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Aug 22, 2014

Peace Through Friendship
| NEW YORK TIMES

WHEN two groups are in conflict, how can you improve relations between them?

One strategy is to encourage positive personal contact among individuals from each group. If a Catholic and a Protestant in Northern Ireland would only sit down together to talk—learning about one another’s families, hearing about one another’s fears—the encounter, according to this approach, would foster understanding, humanize the enemy and lessen bigotry. The scholarly version of this idea is known as interpersonal contact theory.

It’s an intriguing hypothesis, but does it work in reality? For four years, we studied Seeds of Peace, a program that every year brings together several hundred teenagers from conflict regions such as Israel and the Palestinian territories for a three-week summer camp in Maine. The teenagers sleep, eat and play games together, and engage in daily sessions to talk about the conflict between their groups and their own experiences with it.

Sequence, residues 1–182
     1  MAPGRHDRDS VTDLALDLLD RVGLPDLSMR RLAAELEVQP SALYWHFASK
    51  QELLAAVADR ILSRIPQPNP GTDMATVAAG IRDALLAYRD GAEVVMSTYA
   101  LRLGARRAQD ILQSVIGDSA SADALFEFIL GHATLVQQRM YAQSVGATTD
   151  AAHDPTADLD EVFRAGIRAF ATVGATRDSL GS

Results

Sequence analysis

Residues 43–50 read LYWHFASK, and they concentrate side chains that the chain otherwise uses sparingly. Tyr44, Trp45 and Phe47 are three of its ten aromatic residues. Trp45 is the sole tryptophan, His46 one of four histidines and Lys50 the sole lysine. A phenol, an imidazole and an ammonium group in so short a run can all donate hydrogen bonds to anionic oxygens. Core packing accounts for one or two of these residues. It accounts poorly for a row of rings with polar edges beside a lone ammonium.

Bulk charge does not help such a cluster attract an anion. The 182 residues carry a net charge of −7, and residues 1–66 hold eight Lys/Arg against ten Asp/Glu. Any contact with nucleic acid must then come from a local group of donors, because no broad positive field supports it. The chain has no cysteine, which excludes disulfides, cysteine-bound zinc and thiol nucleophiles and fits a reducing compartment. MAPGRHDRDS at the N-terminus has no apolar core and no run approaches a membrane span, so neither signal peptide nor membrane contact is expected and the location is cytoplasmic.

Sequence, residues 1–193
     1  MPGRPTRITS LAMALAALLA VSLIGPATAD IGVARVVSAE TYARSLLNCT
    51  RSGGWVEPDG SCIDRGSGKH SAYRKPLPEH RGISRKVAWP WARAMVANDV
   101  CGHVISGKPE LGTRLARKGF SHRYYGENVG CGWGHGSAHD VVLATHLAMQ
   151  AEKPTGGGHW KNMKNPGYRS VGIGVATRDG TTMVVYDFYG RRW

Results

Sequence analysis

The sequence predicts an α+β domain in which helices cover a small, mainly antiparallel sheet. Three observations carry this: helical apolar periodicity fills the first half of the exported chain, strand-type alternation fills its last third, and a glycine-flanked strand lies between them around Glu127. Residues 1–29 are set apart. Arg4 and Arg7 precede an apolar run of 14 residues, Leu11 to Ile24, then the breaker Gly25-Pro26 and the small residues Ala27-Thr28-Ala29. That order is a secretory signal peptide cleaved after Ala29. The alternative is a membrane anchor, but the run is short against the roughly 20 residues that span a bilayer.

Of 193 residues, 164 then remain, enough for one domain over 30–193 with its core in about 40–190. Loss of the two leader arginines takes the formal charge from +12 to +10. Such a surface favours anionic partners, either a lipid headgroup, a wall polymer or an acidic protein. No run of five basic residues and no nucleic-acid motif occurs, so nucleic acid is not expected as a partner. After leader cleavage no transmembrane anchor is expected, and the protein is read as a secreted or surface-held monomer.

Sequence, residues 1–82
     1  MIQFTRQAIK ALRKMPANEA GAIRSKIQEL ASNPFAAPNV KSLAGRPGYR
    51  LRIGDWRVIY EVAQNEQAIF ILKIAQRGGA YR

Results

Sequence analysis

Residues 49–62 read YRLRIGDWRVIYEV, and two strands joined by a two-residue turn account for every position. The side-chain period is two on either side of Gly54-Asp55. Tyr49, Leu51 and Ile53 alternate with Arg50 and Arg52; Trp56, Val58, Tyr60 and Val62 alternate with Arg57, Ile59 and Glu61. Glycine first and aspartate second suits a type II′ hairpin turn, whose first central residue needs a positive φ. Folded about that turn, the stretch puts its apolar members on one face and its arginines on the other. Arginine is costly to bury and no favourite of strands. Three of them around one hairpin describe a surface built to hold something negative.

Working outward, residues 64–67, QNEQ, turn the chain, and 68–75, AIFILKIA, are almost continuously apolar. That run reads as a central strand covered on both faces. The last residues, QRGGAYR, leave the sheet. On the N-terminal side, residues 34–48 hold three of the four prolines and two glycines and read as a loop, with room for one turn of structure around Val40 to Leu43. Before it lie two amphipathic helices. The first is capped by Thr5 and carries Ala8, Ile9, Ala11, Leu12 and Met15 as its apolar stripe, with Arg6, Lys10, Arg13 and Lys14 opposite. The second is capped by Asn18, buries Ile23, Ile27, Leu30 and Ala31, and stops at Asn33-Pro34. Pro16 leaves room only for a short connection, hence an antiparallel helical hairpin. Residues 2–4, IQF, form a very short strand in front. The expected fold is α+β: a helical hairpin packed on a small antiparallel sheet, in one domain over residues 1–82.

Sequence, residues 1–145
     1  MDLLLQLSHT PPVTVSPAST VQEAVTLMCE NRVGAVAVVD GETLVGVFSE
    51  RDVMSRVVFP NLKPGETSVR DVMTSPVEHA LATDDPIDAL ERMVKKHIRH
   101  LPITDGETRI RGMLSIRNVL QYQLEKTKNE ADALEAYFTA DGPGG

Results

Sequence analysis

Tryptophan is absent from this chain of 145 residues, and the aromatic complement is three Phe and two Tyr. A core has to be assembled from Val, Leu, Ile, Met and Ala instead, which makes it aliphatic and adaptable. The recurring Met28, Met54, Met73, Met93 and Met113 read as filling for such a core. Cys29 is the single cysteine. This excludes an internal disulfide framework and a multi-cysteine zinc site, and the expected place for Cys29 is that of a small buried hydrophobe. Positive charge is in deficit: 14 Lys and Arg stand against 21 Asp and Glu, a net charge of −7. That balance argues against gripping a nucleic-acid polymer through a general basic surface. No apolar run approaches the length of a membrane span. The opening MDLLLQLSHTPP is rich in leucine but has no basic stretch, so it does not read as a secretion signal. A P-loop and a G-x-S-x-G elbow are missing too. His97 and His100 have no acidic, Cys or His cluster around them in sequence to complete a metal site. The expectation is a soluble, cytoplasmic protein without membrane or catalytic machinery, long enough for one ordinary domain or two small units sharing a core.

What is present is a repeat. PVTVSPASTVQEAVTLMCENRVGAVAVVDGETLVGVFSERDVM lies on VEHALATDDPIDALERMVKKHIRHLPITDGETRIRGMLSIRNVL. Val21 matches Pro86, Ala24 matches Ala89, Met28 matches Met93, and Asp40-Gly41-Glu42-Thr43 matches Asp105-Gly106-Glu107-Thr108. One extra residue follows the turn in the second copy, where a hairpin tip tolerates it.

Read the rest of Juliana Schroeder and Jane L. Risen’s op-ed in The New York Times ››



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| NEW YORK TIMES

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